Washington Mutual's bad day

Move over, Countrywide; WaMu just declared a billion-dollar loss. The subprime killer strikes again.


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Andrew Leonard
April 16, 2008 2:28AM (UTC)

Sometimes I wonder whether the gods are playing some kind of twisted joke on me. My home mortgage is serviced by Countrywide and my bank is Washington Mutual. You would be hard put to find two companies that bet more recklessly on the housing boom, or were up to their necks deeper in risky subprime loans and exotic adjustable rate mortgages. Of course, I was unaware of these facts when I first started covering the housing bust. But I've watched in stupefied fascination as the two institutions with which I have the most intimate financial relationships have proven themselves enormously incompetent and deeply embedded in the biggest economic meltdown in memory.

Just lucky, I guess.

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After the markets closed on Tuesday, Washington Mutual announced a first-quarter loss of $1.14 billion, and the resignation of a member of its board, Mary Pugh, who had headed the board's finance committee. Pugh's resignation could be interpreted as a victory for the Change to Win Investment Group, a shareholder activist outfit representing the interests of pension funds affiliated with the unions that make up Change to Win (including the Teamsters, United Farm Workers and Service Employees International Union). In a letter sent to the board on March 27, Change to Win argued that, as head of the finance committee, Pugh should have steered Washington Mutual away from riskier subprime waters.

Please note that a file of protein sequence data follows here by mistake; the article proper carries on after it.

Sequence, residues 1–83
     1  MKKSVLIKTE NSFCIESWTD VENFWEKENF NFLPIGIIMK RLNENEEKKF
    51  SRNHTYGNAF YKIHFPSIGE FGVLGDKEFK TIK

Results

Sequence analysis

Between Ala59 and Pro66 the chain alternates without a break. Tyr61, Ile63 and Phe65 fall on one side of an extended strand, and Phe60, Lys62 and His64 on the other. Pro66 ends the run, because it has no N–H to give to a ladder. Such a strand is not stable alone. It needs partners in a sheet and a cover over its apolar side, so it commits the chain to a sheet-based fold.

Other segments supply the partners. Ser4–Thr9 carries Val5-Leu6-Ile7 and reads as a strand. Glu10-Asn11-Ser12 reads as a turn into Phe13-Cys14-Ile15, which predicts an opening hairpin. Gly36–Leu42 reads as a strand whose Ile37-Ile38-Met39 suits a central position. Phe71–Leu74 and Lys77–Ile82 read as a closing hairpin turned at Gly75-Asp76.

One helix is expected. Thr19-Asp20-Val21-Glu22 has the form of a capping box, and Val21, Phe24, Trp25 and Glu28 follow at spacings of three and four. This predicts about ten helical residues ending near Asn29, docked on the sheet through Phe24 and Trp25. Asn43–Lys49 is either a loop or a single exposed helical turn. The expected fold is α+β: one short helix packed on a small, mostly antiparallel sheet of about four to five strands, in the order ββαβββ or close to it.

How fast the mighty fall. During Black History Month in February 2007, the Seattle Press-Intelligencer profiled Pugh, who runs her own fixed income investment company, Pugh Capital Management. Back then, Washington Mutual CEO Kerry Killinger would reminisce about how the two of them would make major investment decisions while playing horse at a basketball hoop set up near her corner office. "She would very often make smarter investment decisions than what the guys were doing on Wall Street," said Killinger.

Well, not exactly, it would seem. Like the guys on Wall Street, she risked too much and got burned. Which, if you like, offers a positive angle on this dreary tale of greed and stupidity. Too many of the fall guys in the great credit crunch debacle have been the same-old same-old alpha males of Wall Street. Can we call it social progress that at least one African-American woman was in the game, too?


Andrew Leonard

Andrew Leonard is a staff writer at Salon. On Twitter, @koxinga21.

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